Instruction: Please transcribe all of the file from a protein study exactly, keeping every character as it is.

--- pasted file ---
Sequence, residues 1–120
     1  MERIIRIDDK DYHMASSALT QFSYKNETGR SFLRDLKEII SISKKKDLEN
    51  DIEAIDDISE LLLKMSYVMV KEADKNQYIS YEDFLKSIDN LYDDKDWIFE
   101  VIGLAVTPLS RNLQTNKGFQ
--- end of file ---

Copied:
Sequence, residues 1–120
     1  MERIIRIDDK DYHMASSALT QFSYKNETGR SFLRDLKEII SISKKKDLEN
    51  DIEAIDDISE LLLKMSYVMV KEADKNQYIS YEDFLKSIDN LYDDKDWIFE
   101  VIGLAVTPLS RNLQTNKGFQ